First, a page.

injustices being committed by the New York Police. LYON: Cabin Crew compiled Bologna’s
name, his home address, past legal actions, even the names of his family members and put
it all online. After a police investigation and public pressure,
Bologna was placed on leave and reassigned to Staten Island. (on camera): What do you think that did to
the NYPD when they saw this officer’s information get posed online? COLEMAN: I think that they would see it as
a form of vigilantism. They’re pushing the boundaries of the law. But I think some of
their actions also reveal the ways in which either private security companies or police
are also acting outside of the boundaries of the law. LYON (voice-over): Anonymous’ biggest coup
in the propaganda wars was this. An Anon group by the name OperationLeaks posts the clip
on YouTube. The next day the clip tops 100,000 views. Three days later one and a half million.
The casually spraying cop had it all. It was outrageous, ridiculous, lulzy and effective. UNIDENTIFIED MALE: Police in riot gears spraying
students. UNIDENTIFIED FEMALE: Pepper spraying student
protesters. LYON: The incident was picked up by mainstream
media and replayed over and over again. UNIDENTIFIED MALE: Very shocking. LYON: Anonymous wants to frame the narrative
of the Occupy movement as a contest between peaceful protesters and a militarized police
state. UNIDENTIFIED FEMALE: Oh, my gosh. LYON: Reality, though, isn’t quite so clear
cut. At Occupy Oakland, some protesters attacked the police with rocks and bottles. Others
erupted in a fury after the city tore down their encampment. (on camera): Some people are trying to tear
down this fence and head into the main area, but others are trying to keep them quiet and
calm so that the police don’t have to get re-involved. UNIDENTIFIED MALE: I need some help. We need
some more help over here. UNIDENTIFIED FEMALE: We’re non-violent. UNIDENTIFIED MALE: Do you [bleep] believe
you’re willing to fight us but not the police? And you’re doing their job. LYON (voice-over): The Anonymous PR machine
focused solely on instances where the cops got out of line – and they have plenty of
ammunition. UNIDENTIFIED MALE: What happened, what happened? UNIDENTIFIED MALE: He got hit. UNIDENTIFIED MALE: He got shot! LYON: During one night of chaos, police apparently
fired a projectile directly at a former Marine named Scott Olsen. He was peacefully protesting
against the crackdown. Anonymous went into overdrive, scanning the video for police badge
numbers and names, offering a reward for anyone who could identify the officer responsible.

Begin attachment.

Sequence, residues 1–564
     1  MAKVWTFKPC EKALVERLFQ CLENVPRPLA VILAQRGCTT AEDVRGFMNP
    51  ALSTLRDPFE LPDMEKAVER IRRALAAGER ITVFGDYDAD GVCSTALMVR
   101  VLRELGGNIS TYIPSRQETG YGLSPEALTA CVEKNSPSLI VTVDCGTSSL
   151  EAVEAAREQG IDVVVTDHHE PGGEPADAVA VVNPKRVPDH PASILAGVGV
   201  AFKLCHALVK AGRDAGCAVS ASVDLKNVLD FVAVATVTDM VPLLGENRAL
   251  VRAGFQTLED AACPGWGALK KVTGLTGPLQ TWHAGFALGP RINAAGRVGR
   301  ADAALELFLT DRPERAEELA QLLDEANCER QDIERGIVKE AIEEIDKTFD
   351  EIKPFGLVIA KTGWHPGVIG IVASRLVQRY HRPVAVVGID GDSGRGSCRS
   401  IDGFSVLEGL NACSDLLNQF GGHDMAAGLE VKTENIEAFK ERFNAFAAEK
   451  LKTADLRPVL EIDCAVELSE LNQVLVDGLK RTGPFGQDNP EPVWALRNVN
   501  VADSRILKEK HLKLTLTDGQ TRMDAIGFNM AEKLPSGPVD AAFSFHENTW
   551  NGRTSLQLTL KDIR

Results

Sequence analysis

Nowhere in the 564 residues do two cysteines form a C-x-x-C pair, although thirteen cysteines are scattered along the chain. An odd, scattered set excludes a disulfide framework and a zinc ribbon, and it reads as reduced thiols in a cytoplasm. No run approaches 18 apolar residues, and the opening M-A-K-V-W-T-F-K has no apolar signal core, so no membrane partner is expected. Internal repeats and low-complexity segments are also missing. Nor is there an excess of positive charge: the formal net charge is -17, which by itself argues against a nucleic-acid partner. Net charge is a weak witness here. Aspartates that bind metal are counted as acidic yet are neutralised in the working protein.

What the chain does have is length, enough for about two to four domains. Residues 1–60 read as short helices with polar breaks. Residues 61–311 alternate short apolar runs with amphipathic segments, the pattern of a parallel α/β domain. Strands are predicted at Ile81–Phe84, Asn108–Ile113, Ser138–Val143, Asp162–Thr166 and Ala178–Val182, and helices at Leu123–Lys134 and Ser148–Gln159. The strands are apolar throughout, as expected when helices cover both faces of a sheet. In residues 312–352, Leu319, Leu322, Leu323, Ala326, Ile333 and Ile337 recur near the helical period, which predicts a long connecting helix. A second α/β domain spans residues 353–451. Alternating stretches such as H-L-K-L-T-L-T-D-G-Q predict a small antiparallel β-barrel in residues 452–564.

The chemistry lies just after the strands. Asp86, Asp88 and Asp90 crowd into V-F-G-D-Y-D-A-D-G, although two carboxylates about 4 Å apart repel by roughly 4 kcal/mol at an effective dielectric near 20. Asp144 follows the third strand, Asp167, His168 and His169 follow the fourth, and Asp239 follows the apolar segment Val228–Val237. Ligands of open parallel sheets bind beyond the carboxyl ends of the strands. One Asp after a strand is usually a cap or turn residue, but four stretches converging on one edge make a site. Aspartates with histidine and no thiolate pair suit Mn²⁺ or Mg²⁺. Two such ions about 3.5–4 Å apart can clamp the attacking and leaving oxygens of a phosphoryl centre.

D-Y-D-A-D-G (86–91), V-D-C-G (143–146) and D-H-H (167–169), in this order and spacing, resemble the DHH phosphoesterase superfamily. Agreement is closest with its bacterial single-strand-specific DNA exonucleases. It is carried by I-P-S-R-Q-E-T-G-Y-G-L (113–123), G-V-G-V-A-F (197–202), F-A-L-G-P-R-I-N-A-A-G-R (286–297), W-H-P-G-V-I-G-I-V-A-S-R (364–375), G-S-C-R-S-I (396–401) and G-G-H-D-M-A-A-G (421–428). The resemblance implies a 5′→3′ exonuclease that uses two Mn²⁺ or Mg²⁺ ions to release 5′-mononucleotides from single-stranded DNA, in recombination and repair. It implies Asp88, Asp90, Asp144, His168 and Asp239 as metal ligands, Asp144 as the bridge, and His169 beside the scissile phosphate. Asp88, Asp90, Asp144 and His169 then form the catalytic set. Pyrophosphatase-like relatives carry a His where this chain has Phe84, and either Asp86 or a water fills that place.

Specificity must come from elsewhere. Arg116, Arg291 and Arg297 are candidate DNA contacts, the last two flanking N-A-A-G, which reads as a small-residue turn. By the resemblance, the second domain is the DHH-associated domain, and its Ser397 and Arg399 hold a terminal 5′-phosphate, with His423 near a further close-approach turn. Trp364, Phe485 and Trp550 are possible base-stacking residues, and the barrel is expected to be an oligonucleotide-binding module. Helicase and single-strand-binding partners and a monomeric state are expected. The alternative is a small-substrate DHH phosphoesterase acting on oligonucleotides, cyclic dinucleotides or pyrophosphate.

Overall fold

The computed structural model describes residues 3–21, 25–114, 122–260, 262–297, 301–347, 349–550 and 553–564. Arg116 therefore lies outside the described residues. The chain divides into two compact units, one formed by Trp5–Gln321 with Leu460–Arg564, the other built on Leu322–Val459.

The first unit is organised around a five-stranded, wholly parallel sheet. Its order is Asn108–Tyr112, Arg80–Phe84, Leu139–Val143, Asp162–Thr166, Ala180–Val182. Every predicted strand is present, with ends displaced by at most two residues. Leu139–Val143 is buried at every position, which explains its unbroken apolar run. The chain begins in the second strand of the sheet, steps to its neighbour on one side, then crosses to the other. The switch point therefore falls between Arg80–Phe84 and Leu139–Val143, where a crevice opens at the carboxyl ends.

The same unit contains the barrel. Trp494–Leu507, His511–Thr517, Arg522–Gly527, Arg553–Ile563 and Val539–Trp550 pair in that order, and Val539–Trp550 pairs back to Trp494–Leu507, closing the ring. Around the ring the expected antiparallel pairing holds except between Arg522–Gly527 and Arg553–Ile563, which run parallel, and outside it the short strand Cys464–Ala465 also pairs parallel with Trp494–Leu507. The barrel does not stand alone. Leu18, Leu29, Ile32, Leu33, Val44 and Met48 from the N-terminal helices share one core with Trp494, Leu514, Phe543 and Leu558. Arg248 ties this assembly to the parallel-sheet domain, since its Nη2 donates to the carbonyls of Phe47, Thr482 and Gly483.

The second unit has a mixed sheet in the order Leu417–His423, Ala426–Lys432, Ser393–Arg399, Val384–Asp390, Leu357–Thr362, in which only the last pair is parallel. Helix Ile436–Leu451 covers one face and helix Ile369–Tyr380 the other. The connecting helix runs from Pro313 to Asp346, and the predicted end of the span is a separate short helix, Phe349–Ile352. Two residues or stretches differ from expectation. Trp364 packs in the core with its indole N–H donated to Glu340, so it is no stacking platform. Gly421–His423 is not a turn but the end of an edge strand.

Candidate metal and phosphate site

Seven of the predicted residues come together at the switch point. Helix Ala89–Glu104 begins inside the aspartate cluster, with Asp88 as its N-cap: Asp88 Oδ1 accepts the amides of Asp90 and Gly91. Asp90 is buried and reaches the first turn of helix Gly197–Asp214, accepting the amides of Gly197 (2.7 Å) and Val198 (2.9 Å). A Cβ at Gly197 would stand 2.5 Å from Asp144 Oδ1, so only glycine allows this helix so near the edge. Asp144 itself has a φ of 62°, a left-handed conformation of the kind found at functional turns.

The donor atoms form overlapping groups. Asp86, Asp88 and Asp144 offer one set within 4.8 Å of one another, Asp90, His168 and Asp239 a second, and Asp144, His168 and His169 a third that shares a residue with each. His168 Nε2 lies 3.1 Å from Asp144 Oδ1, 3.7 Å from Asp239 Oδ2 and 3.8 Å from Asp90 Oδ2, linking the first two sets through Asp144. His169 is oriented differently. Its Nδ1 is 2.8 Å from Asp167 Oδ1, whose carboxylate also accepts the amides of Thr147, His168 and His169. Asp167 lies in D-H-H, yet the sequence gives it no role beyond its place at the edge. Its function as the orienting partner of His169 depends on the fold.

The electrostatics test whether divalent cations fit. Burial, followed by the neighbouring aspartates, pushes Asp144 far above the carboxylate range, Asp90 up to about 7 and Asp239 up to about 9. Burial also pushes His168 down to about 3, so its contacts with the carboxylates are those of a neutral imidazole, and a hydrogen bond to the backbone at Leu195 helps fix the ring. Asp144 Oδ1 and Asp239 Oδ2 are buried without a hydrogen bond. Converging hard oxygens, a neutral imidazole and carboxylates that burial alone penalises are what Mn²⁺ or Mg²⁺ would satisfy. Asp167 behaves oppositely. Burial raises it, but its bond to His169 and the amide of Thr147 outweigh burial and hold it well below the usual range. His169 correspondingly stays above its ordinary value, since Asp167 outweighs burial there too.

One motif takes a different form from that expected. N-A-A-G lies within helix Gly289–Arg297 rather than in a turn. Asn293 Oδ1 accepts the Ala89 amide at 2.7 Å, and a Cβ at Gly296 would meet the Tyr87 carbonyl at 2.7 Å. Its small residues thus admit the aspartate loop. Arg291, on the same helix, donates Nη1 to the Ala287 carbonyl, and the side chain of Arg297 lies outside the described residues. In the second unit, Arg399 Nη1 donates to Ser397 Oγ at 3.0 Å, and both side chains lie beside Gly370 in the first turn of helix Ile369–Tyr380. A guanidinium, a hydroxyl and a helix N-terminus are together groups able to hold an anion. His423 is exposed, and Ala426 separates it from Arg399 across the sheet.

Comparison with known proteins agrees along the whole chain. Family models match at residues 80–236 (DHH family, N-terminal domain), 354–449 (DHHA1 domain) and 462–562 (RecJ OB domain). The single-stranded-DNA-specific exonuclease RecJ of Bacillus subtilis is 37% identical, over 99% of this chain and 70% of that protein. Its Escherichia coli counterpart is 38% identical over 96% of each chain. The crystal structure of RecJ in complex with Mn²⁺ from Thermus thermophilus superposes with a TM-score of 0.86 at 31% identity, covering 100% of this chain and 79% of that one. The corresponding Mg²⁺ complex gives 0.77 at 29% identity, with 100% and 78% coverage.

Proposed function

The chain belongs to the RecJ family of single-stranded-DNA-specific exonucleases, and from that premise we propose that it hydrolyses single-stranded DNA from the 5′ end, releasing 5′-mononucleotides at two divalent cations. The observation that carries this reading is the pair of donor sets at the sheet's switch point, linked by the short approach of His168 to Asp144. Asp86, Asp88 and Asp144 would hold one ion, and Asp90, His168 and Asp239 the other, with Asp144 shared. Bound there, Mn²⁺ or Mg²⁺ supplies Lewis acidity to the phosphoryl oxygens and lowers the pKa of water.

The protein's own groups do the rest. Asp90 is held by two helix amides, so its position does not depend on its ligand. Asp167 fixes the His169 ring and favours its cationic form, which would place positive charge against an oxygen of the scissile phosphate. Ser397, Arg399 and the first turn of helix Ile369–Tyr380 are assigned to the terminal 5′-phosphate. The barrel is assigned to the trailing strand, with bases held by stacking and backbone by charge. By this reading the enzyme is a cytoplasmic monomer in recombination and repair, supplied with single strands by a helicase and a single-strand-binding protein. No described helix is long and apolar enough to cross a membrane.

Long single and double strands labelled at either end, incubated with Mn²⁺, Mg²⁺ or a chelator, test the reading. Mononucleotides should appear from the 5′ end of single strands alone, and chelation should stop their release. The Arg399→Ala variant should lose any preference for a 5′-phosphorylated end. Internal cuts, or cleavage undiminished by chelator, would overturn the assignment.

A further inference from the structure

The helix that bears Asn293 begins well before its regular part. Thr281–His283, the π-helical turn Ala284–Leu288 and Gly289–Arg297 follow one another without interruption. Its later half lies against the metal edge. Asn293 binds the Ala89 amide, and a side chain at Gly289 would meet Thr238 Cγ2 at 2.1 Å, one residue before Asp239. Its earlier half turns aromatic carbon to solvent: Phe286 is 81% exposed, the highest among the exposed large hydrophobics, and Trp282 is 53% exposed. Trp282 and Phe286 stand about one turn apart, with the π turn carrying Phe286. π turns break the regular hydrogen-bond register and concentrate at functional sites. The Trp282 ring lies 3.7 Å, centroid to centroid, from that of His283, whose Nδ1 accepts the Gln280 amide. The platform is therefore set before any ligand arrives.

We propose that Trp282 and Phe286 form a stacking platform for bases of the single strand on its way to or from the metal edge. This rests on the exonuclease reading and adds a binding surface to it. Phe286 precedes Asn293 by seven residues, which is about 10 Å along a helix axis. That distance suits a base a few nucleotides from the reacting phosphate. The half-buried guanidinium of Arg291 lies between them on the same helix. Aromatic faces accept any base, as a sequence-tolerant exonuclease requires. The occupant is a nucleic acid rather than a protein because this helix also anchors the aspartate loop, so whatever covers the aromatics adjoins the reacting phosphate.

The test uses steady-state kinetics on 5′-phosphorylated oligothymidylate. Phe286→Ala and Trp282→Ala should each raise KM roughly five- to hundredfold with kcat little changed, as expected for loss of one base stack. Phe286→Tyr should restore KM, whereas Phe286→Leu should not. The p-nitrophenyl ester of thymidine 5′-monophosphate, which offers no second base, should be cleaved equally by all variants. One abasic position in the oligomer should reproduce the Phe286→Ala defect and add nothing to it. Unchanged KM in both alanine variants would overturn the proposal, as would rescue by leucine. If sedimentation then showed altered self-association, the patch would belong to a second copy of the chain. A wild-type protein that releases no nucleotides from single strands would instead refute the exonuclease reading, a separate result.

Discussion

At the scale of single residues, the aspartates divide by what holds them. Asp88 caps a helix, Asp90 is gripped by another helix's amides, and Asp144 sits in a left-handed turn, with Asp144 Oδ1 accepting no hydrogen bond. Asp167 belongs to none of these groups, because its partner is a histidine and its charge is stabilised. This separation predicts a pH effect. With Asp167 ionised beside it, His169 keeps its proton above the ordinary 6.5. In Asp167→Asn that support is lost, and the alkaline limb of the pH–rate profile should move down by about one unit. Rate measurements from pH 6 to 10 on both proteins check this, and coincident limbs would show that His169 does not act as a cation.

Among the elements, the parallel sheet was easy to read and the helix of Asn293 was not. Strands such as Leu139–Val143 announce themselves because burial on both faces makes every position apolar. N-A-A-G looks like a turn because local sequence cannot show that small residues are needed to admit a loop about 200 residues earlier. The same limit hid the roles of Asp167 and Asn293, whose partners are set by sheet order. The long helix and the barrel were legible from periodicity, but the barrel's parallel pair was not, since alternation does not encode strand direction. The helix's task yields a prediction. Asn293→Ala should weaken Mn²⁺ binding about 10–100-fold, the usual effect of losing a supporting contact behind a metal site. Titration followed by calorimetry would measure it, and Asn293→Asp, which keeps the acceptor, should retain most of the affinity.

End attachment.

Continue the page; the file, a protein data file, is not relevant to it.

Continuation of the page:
The case is still under investigation. The Department of Homeland Security has put
out several alerts to law enforcement and corporate security focused mainly on the group’s
hacking activities, and the FBI has made more than a dozen arrests. UNIDENTIFIED FEMALE: We are living in a police
state – LYON: But there’s no indication that has cramped
Anonymous’ style. Their latest op? UNIDENTIFIED MALE: Merry Christmas and a Happy
New Year to all on planet earth. LYON: On Christmas Day, members crashed the
web site of a security research company, hacking its client list along with their credit card
numbers in order to steal $1 million for donations to charity. UNIDENTIFIED MALE: We are Anonymous. Expect
us. GUPTA: And our correspondent Amber Lyon now
joins us here in studio. A little frightening, a little scary. LYON (on camera): Yes, especially for law
enforcement in many aspects. GUPTA: I’ve got to ask you. What if they get
it wrong? What if they put up some personal information that is inaccurate? Do they have
any accountability? LYON: There’s very little accountability because
of the way Anonymous is organized, anyone can claim to be Anonymous. There’s also a
lot of extreme outliers. And, you know, law enforcement is intimidated
by Anonymous. We tried to get an interview with anyone federally or locally and they
refused to send an officer forward kind of to the chopping block because they feared
that if this officer appear on camera, they could become a target of Anonymous. BALDWIN: All right, Amber – GUPTA: Amber, thanks a lot. Great story.

7 thoughts on “A Rare Look Inside Anonymous’ Secret Ops (CNN – 15.01.2012)”

  1. Anonymous is the best we have to "Superheroes". This is what we have right? Then why do we fear them? We should welcome them.

Leave a Reply

Your email address will not be published. Required fields are marked *